finder.com.au chats with the Tasmanian talent who is changing the way we view girls’ dolls with her award-winning Etsy shop Tree Change Dolls.
Tasmania’s Sonia Singh recently took home the Community Choice prize at the Etsy Design Awards 2015 for Australia and New Zealand.
Her Etsy shop, Tree Change Dolls, upcycles old dolls, clears off their original makeup and gives them a more natural look. Singh sources discard dolls and tones down their makeup while her mum sews new clothes for them.
We spoke with the Etsy shop owner about how she got started, and what the win meant for her (it’s a lot more than just a trip to New York!).
Why did you choose Etsy as the vehicle for selling your dolls?
"Etsy is a great way to buy and sell handmade items. From the beginning I wanted to set up an Etsy shop, even before I came up with an idea for what to sell!"
What does winning the Etsy Award mean to you?
"It's so amazing! I can't wait to go on my prize-winning trip to New York and the Etsy Headquarters. It's all thanks to all my supporters who voted for me and I'm very flattered and grateful. Etsy has been a great way for me to change my upcycling idea and hobby into a small business. It has made me part of a global community of such talented and creative people."
Why did you choose Bratz dolls instead of Barbies?
"All the dolls I use are second-hand, so it partly depends on what dolls I find. I have used various dolls, but I find more of some than others. I also want to give Tree Change Dolls a certain child-like look and for this reason I don't use the more adult-proportioned dolls."
How do you feel about the current dolls (i.e. Bratz, Barbie) that are sold in most shops?
"I loved playing with dolls as a child, and I still love looking at all the different styles of dolls available, although I haven't bought a brand-new doll in a very long time. All my Tree Change Dolls are recycled dolls. As a child, I had a very miscellaneous collection of mostly second-hand dolls. I loved the variety because I liked to create unique personalities and characters for each one, and to play elaborate games with them, especially with my twin sister. My sisters and I also used to sew clothes and costumes for our dolls. Part of the fun of creating each Tree Change Dolls is making each one a little unique individual."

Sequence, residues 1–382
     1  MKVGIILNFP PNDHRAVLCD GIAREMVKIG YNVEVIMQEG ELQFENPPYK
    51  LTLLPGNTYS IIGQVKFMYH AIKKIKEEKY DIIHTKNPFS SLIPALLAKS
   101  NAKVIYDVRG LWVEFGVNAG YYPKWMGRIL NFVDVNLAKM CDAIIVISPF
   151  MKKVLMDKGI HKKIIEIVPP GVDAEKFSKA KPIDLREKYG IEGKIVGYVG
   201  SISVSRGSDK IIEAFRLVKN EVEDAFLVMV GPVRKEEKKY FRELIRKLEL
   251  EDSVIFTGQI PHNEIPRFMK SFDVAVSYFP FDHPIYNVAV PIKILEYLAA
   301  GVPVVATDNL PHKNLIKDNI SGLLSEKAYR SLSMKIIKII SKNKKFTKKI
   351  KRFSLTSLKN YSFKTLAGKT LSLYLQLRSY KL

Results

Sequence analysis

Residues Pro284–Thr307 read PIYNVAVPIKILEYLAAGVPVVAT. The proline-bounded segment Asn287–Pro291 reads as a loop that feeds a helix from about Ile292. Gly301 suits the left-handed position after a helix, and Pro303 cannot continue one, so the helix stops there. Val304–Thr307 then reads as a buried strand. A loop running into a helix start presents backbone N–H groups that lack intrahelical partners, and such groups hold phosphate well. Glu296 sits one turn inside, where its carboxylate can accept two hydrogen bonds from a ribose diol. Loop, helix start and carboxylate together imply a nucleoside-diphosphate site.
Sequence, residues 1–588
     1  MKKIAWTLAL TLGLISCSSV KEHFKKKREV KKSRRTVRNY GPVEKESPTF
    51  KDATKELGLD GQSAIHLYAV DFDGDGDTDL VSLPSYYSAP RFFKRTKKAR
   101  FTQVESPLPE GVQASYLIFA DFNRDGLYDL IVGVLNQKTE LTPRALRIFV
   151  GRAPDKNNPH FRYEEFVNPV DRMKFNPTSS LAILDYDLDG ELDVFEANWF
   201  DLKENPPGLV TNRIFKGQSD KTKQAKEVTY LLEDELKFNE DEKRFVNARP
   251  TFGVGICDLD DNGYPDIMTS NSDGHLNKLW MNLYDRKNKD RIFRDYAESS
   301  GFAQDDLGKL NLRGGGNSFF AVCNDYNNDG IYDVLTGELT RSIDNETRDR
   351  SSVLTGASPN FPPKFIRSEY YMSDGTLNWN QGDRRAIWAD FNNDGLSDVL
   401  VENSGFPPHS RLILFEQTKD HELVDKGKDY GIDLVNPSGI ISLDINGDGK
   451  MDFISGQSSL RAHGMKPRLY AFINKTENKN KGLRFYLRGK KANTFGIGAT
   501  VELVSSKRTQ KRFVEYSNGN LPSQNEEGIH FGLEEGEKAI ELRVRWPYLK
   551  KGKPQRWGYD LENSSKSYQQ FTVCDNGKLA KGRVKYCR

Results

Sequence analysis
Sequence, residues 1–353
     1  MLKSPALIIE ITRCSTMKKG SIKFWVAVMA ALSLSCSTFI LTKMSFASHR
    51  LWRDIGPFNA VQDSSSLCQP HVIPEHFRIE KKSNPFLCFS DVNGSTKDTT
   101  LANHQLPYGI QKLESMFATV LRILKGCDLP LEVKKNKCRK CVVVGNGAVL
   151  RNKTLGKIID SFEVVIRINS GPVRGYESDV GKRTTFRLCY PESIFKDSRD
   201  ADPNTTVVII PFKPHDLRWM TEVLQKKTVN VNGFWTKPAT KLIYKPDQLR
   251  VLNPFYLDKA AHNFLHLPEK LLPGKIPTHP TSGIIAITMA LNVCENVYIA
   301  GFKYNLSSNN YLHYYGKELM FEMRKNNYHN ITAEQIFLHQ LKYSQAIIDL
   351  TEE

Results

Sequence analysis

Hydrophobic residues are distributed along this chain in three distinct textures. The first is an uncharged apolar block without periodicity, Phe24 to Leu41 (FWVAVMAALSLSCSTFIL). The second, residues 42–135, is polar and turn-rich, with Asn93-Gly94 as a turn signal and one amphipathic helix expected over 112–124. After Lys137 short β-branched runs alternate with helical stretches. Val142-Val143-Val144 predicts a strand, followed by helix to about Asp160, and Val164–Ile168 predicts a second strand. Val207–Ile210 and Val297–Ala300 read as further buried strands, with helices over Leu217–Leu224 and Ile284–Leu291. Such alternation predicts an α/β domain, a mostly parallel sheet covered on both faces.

Do you make male dolls as well? If so, is there much of a demand?
"I create some boy Tree Change Dolls, but they are not as popular as the girl dolls. I used to love having some boy dolls when I was a child. I remember cutting some of my dolls’ hair short because I didn't have enough boy dolls!"
Why did you choose to pose them in nature settings?
"Most of my best childhood memories are times spent outside playing in nature and exploring. I used to take my dolls outside to play, too. They would get dirty and have all kinds of adventures. I would love to inspire that kind of play for other children because for me it was just the best fun in the world!"
Were you a big fan of dolls when you were younger? If so, did you have a favourite?
"I didn't have any one particular favourite doll. They way I played with dolls was like a puppet show, or acting out a play. It was story telling, I guess. It was about the different characters interacting, so I loved to have a variety of different dolls to play out the stories my sisters and I liked to invent."